I’m a firm believer in using a small set of tools that you know inside & out, and this applies very strongly to my audio workflow. Rather than downloading massive plugin bundles, I’d highly recommend learning to work with just one DAW, one EQ, one compressor, and one reverb until you’re intimately familiar with the principles of each. 90% of my work is done with 4 very powerful pieces of software that I’ve listed below, and I’d highly recommend them to anyone who’s doing audio work at any level.
DAW // REAPER ($60)
Your DAW is your workflow, and workflow is the most important part of the mix process. I’ve been using REAPER for years, and I wholeheartedly recommend it for everything from editing podcasts & recording live shows to mixing & mastering studio albums. REAPER isn’t just cheaper than Pro Tools & Logic; in my opinion, it’s better. There are so many things I love about this DAW; free updates for life, incredible stability, fast & intuitive clip editing tools, flexible audio routing, great hardware integration, and perfect audio quality. I was able to use it competently after a few days of experimentation, but 2 years later I bought a hard copy of the manual and realized how many incredible features I hadn’t even discovered. Continue reading “Gear Talk: Quality Over Quantity”
It took me a while to realize this, but you can buy audio software secondhand. Used software is the same as new software, but with a little patience you can buy your plugins for far less than their sticker price (usually about 50% off). Here’s a list of places where you can buy licenses; all of these are reputable communities with checks & balances to make sure you’re not paying for pirated software.
I’ve been buying from these forums for years now and I’ve only had good experiences; that said, make sure you pay through a service that allows disputes in case anything falls through.
Around a year ago I came across an enlightening post by Bob Macc on the consequences of treating your tracks with aggressive filters. You should go check it out yourself, but the big idea is that using steep filters causes phase distortion that reaches all the way up and down the frequency spectrum. Phase distortion removes clarity and impact from your mix, so it’s not good. With that in mind, I’ve come up with some points of good practice for filtering your audio.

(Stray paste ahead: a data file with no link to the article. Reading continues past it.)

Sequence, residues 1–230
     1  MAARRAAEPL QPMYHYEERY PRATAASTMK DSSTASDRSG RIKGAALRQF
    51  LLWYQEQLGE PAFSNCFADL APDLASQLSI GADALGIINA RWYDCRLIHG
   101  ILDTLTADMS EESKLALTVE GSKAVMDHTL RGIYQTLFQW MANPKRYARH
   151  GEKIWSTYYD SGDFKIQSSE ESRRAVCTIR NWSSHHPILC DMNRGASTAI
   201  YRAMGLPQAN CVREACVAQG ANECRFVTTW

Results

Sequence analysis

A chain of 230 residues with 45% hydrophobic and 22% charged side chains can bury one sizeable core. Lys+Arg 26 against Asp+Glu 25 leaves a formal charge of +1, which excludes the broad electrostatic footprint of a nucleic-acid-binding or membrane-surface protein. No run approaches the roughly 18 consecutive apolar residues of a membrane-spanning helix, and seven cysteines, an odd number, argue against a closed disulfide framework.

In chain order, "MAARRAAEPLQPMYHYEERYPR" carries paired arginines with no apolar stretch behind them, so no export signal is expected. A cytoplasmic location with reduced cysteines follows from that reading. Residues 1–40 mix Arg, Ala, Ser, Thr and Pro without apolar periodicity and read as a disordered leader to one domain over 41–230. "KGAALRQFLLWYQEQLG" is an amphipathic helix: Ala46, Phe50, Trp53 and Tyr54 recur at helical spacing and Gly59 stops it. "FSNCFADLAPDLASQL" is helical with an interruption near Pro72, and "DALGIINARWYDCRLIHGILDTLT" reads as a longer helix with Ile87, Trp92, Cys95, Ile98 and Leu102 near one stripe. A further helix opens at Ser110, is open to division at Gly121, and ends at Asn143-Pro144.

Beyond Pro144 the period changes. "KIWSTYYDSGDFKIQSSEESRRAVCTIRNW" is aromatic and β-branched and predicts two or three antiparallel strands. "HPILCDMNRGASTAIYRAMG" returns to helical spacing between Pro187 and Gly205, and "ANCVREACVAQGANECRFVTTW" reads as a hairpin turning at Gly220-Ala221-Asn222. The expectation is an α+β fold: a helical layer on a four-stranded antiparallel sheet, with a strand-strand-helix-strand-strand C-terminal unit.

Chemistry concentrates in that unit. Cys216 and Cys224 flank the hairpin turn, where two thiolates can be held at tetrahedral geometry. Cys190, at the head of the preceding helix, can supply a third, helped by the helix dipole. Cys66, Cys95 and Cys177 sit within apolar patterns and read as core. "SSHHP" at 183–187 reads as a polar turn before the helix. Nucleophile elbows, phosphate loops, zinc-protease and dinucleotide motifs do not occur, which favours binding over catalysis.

First, use gentle filter slopes. 6db/octave is my go-to for LPFs, and 12db/octave is my go-to for HPFs. This lessens the impact of phase distortion, but most importantly, it sounds more natural and there’s less risk of accidentally cutting out the good stuff.
Second, use a Bessel curve. Bessel filters are linear phase, which means there’s near-zero phase distortion when they’re implemented correctly. While some EQs have linear phase DSP options, remember that if you’re using steep filter slopes, linear phase will cause distortion too; it’s the combination of gentle slopes and Bessel curves that’ll preserve your audio.
This advice is in line with the Hippocratic philosophy of mixing, e.g. “do no harm.” I’m mixing mostly acoustic music, hut it doesn’t matter if you’re mixing orchestral, folk, punk, or EDM; phase distortion from filters is rarely something you want. Following the two points above will save you a lot of mix clarity and let you put the distortion where you want it.
I want to take on the mindset that recording is additive.
Here’s what I mean; when musicians are shopping around for a studio, it’s common for the engineer to mention that such-and-such gear was used by such-and-such artist. They do this because it works; people love to hear it. There’s a mythology around famous gear that usually sounds like this: If you sing through Sinatra’s mic, you’ll sound like Sinatra. If you’re mixing through a Neve, you’ll sound like Steely Dan. It might not be explicit, but it’s often implied that the sound comes from the gear. Selling a studio based on its gear is a problem unto itself, but this all stems from the idea that recording is additive; that every piece of gear you record through is going to add something to the sound until your music comes out the other end sounding like a finished product.
But it’s actually the opposite. The microphone, the first item in the signal chain, is essentially a filter. It’s rolling off the frequencies at both ends of the audible spectrum, and adding resonance and noise. The next item is the microphone preamp; a “clean” preamp is going to do its best to preserve all the information in the original signal, while a “colored” preamp is going to lose some information, usually transients & high frequencies. If you’re tracking through a compressor, you’re decreasing dynamic range. If you’re recording to tape, you’re adding noise, losing more transient impact, and further reducing the frequency range. If you’re recording to digital, you’ll need high-quality conversion to translate the analog signal without degradation. Continue reading “Digital Tape: Gear is Not Additive”